Blind skier puts her life in her husband’s hands

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Danelle Umstead can't see when she skis down the mountain.Instead the US Paralympic alpine ski racer depends on her husband and guide Rob Umstead to get her down safely.

HINTERTUX, Austria– Danelle Umstead can’t see when she skis down the mountain.

Instead the US Paralympic alpine ski racer depends on her husband and guide Rob Umstead to get her down safely.

“It’s scary all the time going down the hill and not being able to see,” Danelle said. “We ski up to 70 miles per hour so I’m 100 percent relying on my husband.”

As her guide, Rob skis in front of her calling the commands.

“My job is to be her eyes. I’m basically thinking out loud and telling her everything that is happening,” he said. “If I do my job well and give her a good description, she can be aggressive and really anticipate what’s coming. If I don’t do my job well, she’s kind of second guessing everything.”

They use Bluetooth headsets to communicate on the slopes.

“The headsets in our helmets are vital,” Rob said. “If our battery dies … we’re done for the day because we just couldn’t ski without them anymore.”

Skiing changed her life

Danelle lost all useable vision in her right eye at 13 when she was diagnosed with retinitis pigmentosa, a retinal degenerative disease.

At 27, she lost central vision in her left eye and felt her life crumbling day by day.

“I spent a long time depressed and feeling sorry for myself and feeling like there was not an easy way out. Through this hard time … my father calls me up on the phone, and he says, ‘We’re going skiing,'” she said. “We went down the mountain, and my life changed from that moment forward.”

Road to the Paralympics

Danelle met Rob in Taos, New Mexico, apr├Ęs skiing.

“I knew from the moment I met him that I wanted to spend the rest of my life with him,” she said.

Rob became her full-time guide after they got married.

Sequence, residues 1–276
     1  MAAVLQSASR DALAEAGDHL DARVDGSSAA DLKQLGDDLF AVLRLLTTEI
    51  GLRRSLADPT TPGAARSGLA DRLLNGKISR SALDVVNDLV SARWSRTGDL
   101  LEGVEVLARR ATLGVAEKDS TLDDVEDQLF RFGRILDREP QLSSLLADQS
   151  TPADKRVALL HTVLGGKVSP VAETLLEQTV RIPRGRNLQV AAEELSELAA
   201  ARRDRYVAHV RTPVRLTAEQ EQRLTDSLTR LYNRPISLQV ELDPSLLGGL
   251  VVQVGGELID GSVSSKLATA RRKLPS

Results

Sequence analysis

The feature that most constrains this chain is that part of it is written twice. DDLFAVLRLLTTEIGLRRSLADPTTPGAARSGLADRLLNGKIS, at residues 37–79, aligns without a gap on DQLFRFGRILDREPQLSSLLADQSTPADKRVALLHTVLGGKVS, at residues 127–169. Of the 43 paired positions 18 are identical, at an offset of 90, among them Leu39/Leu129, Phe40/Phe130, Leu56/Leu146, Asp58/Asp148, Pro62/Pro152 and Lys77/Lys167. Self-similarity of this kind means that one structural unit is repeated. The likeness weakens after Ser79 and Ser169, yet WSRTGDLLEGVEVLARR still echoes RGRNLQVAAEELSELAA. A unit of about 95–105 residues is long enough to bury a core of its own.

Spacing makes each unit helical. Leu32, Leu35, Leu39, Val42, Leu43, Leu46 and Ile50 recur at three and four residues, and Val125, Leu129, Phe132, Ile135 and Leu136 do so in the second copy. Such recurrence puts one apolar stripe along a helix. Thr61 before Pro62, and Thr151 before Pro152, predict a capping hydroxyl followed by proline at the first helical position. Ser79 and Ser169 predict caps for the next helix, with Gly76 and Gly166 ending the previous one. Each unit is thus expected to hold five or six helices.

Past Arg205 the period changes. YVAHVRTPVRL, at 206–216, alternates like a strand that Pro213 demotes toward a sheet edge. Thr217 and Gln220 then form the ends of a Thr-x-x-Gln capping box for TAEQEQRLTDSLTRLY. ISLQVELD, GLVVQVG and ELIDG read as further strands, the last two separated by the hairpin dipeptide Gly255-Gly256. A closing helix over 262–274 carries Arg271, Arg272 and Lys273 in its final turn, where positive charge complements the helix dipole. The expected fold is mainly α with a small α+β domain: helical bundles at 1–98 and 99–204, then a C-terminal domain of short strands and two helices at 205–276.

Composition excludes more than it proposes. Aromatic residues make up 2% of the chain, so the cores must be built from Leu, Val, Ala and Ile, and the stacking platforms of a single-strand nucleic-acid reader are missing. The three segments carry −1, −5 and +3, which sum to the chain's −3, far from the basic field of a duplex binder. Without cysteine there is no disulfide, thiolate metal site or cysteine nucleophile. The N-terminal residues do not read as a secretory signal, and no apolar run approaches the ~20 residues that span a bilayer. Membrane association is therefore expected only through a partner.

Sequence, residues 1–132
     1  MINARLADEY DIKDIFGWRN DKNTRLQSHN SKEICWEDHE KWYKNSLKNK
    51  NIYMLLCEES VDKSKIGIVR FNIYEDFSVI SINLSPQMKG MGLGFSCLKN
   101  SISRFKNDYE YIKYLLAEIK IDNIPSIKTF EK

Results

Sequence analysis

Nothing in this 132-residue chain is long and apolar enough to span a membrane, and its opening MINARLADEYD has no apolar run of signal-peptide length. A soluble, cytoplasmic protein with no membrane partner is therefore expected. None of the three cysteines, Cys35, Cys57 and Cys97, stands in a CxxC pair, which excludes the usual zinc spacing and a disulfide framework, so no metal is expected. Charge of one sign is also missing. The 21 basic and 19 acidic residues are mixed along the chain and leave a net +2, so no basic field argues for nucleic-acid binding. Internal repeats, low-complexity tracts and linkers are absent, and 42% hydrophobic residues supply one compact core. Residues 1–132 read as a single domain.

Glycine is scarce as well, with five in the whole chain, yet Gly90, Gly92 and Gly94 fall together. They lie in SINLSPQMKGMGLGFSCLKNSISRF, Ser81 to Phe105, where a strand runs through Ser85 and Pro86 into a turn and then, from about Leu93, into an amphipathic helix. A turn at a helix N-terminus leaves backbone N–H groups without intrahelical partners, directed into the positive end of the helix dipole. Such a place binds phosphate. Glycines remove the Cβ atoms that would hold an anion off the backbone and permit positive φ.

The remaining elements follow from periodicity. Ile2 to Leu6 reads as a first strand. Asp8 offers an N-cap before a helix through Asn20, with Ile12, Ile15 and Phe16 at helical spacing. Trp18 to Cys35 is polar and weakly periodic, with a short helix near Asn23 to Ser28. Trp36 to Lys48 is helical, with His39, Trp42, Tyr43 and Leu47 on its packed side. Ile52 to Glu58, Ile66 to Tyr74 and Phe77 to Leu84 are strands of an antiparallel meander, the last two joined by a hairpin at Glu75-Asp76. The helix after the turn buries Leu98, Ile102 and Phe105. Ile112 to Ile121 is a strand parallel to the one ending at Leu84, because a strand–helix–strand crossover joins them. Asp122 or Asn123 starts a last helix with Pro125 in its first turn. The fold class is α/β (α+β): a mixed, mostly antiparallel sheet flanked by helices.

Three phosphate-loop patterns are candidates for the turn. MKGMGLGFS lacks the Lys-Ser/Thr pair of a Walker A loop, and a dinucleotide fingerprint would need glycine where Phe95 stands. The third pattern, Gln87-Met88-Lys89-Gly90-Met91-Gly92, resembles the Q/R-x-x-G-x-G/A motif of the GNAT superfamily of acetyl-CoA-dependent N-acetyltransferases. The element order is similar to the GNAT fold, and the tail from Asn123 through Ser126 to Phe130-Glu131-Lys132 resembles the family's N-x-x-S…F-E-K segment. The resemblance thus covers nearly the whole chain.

“Danelle was like, ‘I really want to make the Paralympic team.’ But it was really hard to find a guide that would commit to a year round kind of schedule that we’re on now,” he said. “So we said we’ll give it a season and see how it goes. We fought our way hard to get on the national team, and we kept getting better and better.”

Their hard work paid off. In 2010, they won two bronze medals in the women’s downhill and super combined events for the visually impaired at the Paralympics Winter Games in Vancouver.

But later that year, Danelle faced another medical setback. She woke up feeling numb on her right side after a training session and was later diagnosed with multiple sclerosis.

“I had to learn how to walk again … I had to learn how to ski again,” she said. “It put a big wrench in our skiing career but it put a big strength in our love, and my trust and all that my husband has to offer.”

Rob was with her every step of the way as she worked with a team of experts including neurologists and physical therapists to fight her way back to the sport.

“I was super determined to get back on snow,” she said.

Despite the diagnosis, Danelle, now aged 44, and Rob captured another bronze medal in the super combined event at the 2014 Paralympic Winter Games in Sochi, Russia. And they’ve got their sights set on 2018.

“I didn’t start living my life until I started sport. And sport has given me the life that I love and enjoy,” Danelle said.

Through it all, skiing has made their marriage stronger.

“We’ve learned a lot through skiing. I’ve learned how to trust. I’ve learned how to communicate,” she said. “Every day is different. Every course is different. Our communication changes, terrain changes. It’s scary. But I like it, and I wouldn’t want to do it with anybody else.”

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